Duncan R. Jamieson
Wheeled vehicles have been available in Western cultures for millennia and brought about the need for wider paths we know as roads or highways. These were open to all comers, to be shared equally. For centuries, it seems that a variety of conveyances shared these public roads, and while accidents, disputes over right of way and other disturbances took place, no one mode of transit dominated. Then, in the early nineteenth century Karl von Drais built a wheeled device in Germany that over a couple of generations morphed into what we know as the bicycle. Quiet and faster than many of the other road vehicles, it soon resulted in restrictions as to its status and where it belonged. Pedestrians complained they could not hear it approach which resulted in their being run down and injured. Teamsters complained it scared their horses, causing them to run amuck. Such accusations and complaints led to government controls on its use. Thus began government regulation that led, ultimately, to the road being the province of the automobile. James Longhurst, an avid cyclist and a policy historian, addresses three overarching questions in Bike Battles: one, how did the common road, free and open to all for millennia, come to be seen as the sole property of the automobile; two, what is the place of the bicycle in the United States (and to some extent Western Europe); and three, is the bicycle a child’s toy or an ecofriendly vehicle for today’s society?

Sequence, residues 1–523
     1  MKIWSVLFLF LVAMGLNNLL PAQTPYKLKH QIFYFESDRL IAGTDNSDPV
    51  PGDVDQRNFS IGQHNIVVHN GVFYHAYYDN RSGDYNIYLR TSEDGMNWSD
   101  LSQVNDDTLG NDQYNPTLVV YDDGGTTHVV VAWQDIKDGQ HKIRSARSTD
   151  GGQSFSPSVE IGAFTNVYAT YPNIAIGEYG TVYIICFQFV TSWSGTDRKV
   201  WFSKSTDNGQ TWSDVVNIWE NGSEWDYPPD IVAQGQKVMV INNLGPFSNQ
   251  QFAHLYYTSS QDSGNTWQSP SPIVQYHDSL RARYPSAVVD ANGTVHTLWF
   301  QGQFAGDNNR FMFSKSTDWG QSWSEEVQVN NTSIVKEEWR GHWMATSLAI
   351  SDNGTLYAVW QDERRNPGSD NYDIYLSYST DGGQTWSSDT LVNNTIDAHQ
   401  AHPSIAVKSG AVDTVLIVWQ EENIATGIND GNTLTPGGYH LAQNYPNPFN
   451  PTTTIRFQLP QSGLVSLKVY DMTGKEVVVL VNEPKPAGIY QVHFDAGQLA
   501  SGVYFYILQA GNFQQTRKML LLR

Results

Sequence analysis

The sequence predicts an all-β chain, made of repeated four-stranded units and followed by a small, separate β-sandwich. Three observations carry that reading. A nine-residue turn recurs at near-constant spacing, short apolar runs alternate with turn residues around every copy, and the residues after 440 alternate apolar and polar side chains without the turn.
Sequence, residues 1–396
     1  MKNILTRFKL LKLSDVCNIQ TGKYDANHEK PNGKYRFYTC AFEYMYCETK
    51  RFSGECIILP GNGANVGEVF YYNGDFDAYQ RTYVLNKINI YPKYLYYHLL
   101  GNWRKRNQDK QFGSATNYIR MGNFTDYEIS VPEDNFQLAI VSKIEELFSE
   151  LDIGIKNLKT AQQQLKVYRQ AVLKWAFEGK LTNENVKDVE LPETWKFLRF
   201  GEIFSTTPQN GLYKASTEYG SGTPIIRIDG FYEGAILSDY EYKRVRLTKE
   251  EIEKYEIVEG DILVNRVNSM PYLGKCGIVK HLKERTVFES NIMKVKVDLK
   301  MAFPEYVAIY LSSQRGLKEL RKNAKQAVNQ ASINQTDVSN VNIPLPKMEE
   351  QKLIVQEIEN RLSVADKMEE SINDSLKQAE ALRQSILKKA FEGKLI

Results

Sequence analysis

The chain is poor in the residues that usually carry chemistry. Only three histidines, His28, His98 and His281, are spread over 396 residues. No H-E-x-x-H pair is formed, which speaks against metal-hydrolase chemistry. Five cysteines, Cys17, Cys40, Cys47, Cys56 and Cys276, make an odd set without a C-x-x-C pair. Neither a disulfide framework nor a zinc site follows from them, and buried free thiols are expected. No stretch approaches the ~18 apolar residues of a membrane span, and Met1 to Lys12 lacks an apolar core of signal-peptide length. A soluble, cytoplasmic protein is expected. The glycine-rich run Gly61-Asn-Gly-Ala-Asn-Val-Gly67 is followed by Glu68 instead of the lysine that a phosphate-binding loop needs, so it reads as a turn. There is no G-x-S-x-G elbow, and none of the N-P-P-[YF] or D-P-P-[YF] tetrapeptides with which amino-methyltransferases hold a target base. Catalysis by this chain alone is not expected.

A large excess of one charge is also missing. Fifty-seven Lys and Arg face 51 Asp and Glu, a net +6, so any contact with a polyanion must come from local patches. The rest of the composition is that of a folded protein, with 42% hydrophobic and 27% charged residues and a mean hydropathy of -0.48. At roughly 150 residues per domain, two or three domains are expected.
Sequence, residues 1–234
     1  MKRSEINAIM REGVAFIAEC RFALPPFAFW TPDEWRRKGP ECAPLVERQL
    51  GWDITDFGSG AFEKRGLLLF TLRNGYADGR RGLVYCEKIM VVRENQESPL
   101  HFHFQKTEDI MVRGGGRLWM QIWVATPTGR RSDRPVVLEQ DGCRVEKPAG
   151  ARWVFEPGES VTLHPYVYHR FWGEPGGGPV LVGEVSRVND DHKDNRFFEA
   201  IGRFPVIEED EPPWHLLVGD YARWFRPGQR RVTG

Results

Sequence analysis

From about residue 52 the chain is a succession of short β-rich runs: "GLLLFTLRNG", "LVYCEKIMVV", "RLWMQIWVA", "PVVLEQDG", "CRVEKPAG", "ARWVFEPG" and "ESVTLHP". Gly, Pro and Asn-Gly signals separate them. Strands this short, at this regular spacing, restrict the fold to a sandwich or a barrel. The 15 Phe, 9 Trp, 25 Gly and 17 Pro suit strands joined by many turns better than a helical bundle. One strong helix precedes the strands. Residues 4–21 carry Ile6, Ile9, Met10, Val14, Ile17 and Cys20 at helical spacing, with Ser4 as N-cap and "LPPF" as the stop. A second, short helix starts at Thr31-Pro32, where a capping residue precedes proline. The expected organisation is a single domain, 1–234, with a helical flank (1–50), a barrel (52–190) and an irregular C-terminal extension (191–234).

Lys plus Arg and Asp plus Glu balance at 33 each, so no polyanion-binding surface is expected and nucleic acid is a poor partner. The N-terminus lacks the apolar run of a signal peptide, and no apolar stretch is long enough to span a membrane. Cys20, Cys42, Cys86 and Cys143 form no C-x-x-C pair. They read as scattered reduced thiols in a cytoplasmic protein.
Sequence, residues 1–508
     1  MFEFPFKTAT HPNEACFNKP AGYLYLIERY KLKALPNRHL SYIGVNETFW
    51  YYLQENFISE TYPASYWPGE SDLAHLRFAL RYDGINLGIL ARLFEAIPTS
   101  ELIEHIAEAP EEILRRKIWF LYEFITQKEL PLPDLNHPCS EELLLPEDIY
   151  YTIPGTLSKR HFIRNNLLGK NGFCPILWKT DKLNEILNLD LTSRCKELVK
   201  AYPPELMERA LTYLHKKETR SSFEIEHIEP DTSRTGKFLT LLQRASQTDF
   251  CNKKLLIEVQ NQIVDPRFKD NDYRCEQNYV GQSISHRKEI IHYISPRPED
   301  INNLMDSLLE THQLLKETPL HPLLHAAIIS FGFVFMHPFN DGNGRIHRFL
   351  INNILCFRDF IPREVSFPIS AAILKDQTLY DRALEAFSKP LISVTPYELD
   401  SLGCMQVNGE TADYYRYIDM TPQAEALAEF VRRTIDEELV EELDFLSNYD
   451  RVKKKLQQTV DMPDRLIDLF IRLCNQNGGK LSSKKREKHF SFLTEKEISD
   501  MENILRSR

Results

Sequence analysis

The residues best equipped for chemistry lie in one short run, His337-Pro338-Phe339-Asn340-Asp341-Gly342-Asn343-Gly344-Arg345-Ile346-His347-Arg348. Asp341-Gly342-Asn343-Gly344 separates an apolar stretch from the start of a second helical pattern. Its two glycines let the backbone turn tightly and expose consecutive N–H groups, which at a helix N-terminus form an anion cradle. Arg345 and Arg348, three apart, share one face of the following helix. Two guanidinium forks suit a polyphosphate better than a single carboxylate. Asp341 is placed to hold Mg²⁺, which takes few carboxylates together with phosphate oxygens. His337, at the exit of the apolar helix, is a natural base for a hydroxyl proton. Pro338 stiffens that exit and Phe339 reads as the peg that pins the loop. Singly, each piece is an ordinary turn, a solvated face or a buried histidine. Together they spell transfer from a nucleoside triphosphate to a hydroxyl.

When Longhurst (Associate Professor of History at the University of Wisconsin-LaCrosse) became more serious about bicycle commuting as a result of the higher gasoline prices in 2008, he first thought that motorists were out to get him, but soon he came to understand that while they might be the precipitating cause of his demise, the clash between cyclist and motorist is far more complicated. His book title refers to the conflict between road users and the government agencies and policy makers who oversee highways and byways and, more to the point, dictate who may and may not use them. An early example of such policy took place in late nineteenth century New York City which banned bicycles from its Central Park. Colonel Albert Augustus Pope, an early proponent of the bicycle and a leading manufacturer, invested a huge amount of time, money and legal talent to overturn the ruling and allow cyclists access to the park and its pleasures.